Sitting at a desk in a tiny office all day often results in a lot of tension, even if I get up and stretch regularly. While going for a walk after work in the warm weather relieves some tension and strain, it doesn’t do a lot for the tension in my back and neck. This leads to tension headaches and even migraines – no fun at all!
But, I’ll let you in on a little secret . . .
Massages do the trick almost every single time.
Whenever I get tense, massaging the tight muscles helps me relax and unwind after a draining day. Of course, a professional masseuse would be too expensive, and my sweet husband (though he’s more than willing to help out when he can) often comes home as achy and tired as I am!
So, this often leaves it up to me to massage those muscles on my own. Since I can’t bend my arms around my back to work on those pressure points, I’ve found a few useful tools for self massage that do in a pinch.
The Lacrosse Ball
I happened to stumble across this little tool when googling massage techniques to try on my husband. Some people recommended using tennis balls, but I found they were too bendy to work effectively.
One commenter suggested using a lacrosse ball, and I checked it out on Amazon. Turns out, more people use this lacrosse ball for massage than they do for lacrosse.
The easiest way to use the lacrosse ball for massage is to press it gently on the pressure points in your back. You can have someone do it for you, rolling it around in a manner that’s most comfortable for you.
However, I found I get the most satisfaction if I put the ball between me and a chair – that way I can control where the ball hits and how hard it pushes into my back. Better still, I fit the lacrosse ball in my purse and can use it at work whenever things get stressful.
The Scalp Massager
I first experienced this nifty contraption when I visited some family members. They had one of these that we started playing around with and I was sold on it instantly.
You wouldn’t think a bunch of wires would be effective, but if done right (slowly and closer to the back of the head), then it’ll give goosebumps. It doesn’t do much for massaging tense neck muscles, but a good scalp massage can help you relax.
Keep in mind, you probably shouldn’t purchase the cheapest massager you find. I purchased one for a couple of dollars and the wires weren’t flexible enough to give the same pleasurable experience. I recommend this head massager, as it’s affordable and good quality.
The Warm Rice/Wheat Bag
A simple cloth bag filled with rice or wheat can be heated in the microwave for a minute or two and stays warm for ages. The heated bag can then be applied to sore muscles, or cuddled on a cold night.
Unfortunately, I’ve yet to find one of these mass produced by anyone, which is sad because they’re nice to have around. If someone sells these somewhere, I’d love to hear about it because not everyone has access to sewing materials.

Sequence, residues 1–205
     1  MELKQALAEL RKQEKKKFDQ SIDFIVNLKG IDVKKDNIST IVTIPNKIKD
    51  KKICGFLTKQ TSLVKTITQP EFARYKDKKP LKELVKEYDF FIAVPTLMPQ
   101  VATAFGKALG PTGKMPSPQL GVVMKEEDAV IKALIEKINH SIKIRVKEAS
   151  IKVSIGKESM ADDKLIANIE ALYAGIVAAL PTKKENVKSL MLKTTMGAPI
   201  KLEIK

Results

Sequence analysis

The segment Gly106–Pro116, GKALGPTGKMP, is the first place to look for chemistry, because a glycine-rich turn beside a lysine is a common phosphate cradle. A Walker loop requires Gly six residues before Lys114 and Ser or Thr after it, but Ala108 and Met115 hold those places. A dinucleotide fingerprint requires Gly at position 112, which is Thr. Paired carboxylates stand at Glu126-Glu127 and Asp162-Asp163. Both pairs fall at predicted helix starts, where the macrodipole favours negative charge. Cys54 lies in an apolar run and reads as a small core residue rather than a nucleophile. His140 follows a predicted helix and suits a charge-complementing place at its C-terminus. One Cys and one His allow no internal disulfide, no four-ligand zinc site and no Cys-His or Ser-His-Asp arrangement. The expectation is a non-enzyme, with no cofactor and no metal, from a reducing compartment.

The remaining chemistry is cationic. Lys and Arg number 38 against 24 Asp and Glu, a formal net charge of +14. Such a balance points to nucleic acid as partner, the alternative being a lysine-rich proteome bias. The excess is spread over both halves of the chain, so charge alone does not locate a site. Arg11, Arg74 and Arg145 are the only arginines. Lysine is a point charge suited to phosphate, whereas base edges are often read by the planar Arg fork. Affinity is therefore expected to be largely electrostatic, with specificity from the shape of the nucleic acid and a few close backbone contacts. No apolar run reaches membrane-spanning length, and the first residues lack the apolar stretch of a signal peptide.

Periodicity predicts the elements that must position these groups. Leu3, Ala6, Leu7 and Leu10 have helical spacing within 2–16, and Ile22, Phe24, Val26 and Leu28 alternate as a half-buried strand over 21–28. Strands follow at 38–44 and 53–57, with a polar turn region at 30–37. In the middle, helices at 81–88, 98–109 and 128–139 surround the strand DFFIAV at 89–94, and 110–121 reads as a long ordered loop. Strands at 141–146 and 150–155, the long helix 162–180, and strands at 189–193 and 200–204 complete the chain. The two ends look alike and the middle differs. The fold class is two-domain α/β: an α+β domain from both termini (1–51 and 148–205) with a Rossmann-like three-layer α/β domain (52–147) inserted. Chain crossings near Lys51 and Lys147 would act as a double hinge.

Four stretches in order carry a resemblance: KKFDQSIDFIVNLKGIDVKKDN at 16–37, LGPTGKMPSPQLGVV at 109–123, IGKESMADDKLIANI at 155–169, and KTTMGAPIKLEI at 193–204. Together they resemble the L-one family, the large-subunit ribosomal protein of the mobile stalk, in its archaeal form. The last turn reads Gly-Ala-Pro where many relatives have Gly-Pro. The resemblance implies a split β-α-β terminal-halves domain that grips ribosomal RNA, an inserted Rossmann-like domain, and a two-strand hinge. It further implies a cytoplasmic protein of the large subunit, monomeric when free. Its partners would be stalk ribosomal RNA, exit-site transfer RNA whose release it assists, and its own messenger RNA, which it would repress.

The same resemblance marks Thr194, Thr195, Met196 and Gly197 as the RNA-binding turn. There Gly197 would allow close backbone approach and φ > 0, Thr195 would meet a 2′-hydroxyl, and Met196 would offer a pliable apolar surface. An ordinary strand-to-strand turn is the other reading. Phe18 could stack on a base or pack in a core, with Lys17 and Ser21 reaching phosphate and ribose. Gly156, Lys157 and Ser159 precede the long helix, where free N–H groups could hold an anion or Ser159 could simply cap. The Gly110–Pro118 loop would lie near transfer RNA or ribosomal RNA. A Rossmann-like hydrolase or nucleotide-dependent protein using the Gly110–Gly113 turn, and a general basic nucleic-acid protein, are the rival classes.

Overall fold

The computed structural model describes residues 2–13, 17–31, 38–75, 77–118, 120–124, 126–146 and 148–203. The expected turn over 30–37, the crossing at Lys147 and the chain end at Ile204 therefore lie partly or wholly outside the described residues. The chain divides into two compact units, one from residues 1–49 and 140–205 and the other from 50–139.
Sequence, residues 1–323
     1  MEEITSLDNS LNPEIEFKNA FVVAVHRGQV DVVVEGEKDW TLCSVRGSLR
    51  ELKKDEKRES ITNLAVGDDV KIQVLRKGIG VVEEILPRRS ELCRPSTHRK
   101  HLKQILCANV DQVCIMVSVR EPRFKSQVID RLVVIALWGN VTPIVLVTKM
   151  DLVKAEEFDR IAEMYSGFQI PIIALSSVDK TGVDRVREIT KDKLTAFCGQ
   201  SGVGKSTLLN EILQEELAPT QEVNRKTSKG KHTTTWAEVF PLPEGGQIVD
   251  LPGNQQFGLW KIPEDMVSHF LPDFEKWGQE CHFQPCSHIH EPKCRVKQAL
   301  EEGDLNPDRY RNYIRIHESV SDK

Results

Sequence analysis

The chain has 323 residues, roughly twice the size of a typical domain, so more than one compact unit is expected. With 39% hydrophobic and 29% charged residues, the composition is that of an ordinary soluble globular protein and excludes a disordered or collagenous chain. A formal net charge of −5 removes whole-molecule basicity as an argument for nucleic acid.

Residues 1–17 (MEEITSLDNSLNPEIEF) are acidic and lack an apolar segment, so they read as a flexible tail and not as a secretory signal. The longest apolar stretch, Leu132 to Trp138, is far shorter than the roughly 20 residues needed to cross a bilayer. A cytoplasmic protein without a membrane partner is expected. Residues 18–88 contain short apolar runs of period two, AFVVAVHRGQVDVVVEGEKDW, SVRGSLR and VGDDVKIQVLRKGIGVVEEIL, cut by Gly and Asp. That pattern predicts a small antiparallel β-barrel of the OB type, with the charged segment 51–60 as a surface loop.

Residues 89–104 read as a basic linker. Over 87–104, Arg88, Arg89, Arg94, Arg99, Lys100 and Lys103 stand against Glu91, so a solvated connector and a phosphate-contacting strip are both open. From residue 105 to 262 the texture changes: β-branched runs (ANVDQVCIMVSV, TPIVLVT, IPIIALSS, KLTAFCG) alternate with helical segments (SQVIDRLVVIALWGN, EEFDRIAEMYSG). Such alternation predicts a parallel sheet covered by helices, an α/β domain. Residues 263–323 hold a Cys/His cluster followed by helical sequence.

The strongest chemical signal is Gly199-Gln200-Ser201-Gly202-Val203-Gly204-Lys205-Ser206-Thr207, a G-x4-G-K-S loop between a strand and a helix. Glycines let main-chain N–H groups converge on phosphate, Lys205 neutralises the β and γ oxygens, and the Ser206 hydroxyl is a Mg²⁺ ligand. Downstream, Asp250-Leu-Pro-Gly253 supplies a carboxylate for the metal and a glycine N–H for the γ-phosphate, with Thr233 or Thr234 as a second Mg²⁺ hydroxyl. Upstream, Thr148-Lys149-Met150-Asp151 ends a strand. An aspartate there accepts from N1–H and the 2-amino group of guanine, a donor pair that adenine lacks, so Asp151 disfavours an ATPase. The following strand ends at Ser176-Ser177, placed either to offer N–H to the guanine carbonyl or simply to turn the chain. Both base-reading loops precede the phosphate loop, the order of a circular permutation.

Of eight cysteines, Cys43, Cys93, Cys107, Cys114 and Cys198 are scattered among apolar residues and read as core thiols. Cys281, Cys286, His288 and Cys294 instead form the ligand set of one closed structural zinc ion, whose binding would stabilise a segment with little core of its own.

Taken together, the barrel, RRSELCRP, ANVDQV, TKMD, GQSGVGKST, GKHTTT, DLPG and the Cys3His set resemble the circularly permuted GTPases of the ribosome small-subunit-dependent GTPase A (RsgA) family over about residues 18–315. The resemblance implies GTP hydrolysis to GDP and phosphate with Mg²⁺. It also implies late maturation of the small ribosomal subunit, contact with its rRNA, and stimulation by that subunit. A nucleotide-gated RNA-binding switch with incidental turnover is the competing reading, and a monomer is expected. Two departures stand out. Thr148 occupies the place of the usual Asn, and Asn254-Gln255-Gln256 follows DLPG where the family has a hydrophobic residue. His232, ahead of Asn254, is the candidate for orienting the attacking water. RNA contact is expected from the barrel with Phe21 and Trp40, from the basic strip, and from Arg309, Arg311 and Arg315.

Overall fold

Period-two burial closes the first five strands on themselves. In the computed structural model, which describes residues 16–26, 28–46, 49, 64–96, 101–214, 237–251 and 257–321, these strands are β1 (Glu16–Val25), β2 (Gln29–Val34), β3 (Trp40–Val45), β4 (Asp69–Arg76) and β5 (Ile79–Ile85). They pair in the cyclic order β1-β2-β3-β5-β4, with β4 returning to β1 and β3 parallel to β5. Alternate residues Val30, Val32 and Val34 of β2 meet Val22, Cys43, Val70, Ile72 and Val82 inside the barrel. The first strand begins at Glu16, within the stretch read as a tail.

If you want to make one yourself, Instructables has some great instructions on how to make a warm rice bag.
The Toe Stretchers
This last tool isn’t really a tool for self massage, but I’ve noticed if my feet feel good then the rest of me follows suit. Gel Flex Toe Stretchers are often used for pedicures, but these particular products are designed to stretch tight muscles in the feet, potentially correcting foot problems such as bunions and overlapping toes.
These stretchers should only be worn for a little bit at a time and shouldn’t be used while walking or with shoes. Additionally, foot size plays a roll in how well the gel toe stretchers work. If you have tiny feet, the stretchers might be painful rather than relaxing, and if your feet are too big, they might not get the good stretch as promised. Fortunately, the gel toe stretchers have a bit of give to them, so it fits a large range of people.
I like to use the toe stretchers after coming home from my walk.
Then, I relax on the couch with a heat pack to my back.
After that, I take a nice mini-nap to recharge.
Due to FTC requirements, I need to specify the arrangement I have with a company. I receive a commission for users who click on advertised links and product referrals, including books I review and apps I enjoy. If you see something that interests you, feel free to click on them – though please don’t click on everything as this becomes fraud and disqualifies me for commission. Anyways, this commission keeps my site up and running and my content free. Amazon, Paypal, or Google do not tell me what to say or what links I should put in my content – it’s all me, based on my personal experience.